When I first began this writing gig, I wanted to share my work with everyone, kind of like a proud parent showing off their exceptional child. It never occurred to me that it wasn’t really ready for prime time, as they say.
The worst part was when people would point out flaws—it felt like knives cutting out my heart.
I was seeking validation that my work was good – and therefore I was good – not an honest opinion that it had promise but needed work.
Then, something occurred that showed me that my expectations were skewed: my first experience with a real editor.
That ordeal was when I truly saw my work through unbiased eyes.
My manuscript came back to me looking like a sea of red. Even though I had gone over it several times, my manuscript was rife with lazy writing habits.
- Dropped and missing words.
- Closed quotes sometimes missing at the beginning or end of dialogue.
- Erratic spelling of made-up words
- Random capitalization of made-up words
- Lack of knowledge of grammar
- Repetition of crutch words
- Repetition of ideas
- Too many descriptors
- Too many quantifiers
- Too much background
- Awkward phrasing
- Passive phrasing
- Too many hyphenated words
- Relying on clichés rather than creativity
- Using too many words to say simple things
- Using “thoughts” to dump info
- Using dreams to dump info
- Using flashbacks to dump info
The list of writing “wrongs” that were so carefully instilled into that manuscript went on…and on….
When I got that manuscript back, my initial gut reaction was outrage. Naively, I had expected a few comments about commas or something.
On the heels of outrage came depression. When I really looked at the first chapter, I discovered that I was a hopeless, no-talent hack. How could I have missed so many stupid mistakes? I must be the worst, the most ignorant fool out there.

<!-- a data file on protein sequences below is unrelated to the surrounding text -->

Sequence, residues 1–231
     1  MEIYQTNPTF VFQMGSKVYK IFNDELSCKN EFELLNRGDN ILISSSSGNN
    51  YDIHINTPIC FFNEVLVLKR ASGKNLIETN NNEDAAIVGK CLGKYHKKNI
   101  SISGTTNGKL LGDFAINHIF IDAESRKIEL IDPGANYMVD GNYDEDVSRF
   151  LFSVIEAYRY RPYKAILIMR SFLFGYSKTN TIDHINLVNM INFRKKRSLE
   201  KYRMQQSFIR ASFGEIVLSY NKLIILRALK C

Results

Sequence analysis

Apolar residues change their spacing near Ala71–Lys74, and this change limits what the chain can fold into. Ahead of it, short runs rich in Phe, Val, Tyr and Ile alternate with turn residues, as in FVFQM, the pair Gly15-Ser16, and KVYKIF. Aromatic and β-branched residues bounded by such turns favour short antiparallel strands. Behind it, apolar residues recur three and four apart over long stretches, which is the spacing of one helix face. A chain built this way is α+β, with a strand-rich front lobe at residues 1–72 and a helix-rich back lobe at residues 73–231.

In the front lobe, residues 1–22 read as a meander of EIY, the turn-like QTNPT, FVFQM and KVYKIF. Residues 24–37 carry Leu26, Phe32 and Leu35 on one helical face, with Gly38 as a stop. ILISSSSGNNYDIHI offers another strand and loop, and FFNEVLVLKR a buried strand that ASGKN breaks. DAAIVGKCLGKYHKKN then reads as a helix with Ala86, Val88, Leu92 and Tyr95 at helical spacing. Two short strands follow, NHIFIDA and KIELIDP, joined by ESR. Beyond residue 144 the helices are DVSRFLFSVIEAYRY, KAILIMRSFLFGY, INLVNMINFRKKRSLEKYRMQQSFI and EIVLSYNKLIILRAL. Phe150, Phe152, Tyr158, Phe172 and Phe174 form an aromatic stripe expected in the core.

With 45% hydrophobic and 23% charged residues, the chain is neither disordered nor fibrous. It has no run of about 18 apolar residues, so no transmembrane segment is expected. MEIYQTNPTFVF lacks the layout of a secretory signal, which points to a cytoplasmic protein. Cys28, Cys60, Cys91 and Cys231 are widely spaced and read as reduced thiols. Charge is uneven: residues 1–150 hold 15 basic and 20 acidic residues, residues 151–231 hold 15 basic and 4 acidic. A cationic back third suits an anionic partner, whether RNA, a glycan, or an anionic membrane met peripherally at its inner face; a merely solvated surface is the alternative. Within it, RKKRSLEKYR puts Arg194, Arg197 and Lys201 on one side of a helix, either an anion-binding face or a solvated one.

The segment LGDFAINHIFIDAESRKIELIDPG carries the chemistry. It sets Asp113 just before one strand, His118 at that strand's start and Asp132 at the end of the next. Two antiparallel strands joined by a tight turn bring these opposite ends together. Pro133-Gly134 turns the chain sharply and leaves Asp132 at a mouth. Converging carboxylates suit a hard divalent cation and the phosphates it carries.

After I survived the self-pity stage, I pulled up my socks, put my big girl pants on, and made it my business to make the revisions as my editor had suggested.
We grow as writers, not from mindless, sycophantic validation of our personal worthiness, but from mindful, honest critiques of our work.
My passion for writing craft evolved out of a desire to make my next book better. And with each book, I have gained in craft, and I have learned to love the experience of having an editor who is looking out for me and doing her best to make sure my work is enjoyable.
If you are new in the craft and you blithely hand your work to an experienced reader, don’t be shocked if they point out things you don’t want to hear.
This is where you must make a choice. You can write just for yourself, which is perfectly fine, and many people fall into that category. Or, you can purchase books on writing craft, attend seminars, and learn everything you can about how to make your talent readable.
Many people are not comfortable in groups, preferring a one-on-one discussion of strengths and weaknesses. If you want to know what the weaknesses are in your manuscript, but don’t want to be involved in a writing group, hire an editor. Learn to love the process of making revisions. She/he will do their best to help you realize your vision of what that novel can be.
If what you are really seeking is validation that you are worthy, don’t show that manuscript to anyone. Instead, volunteer in your community and through helping others, you will find the validation you seek.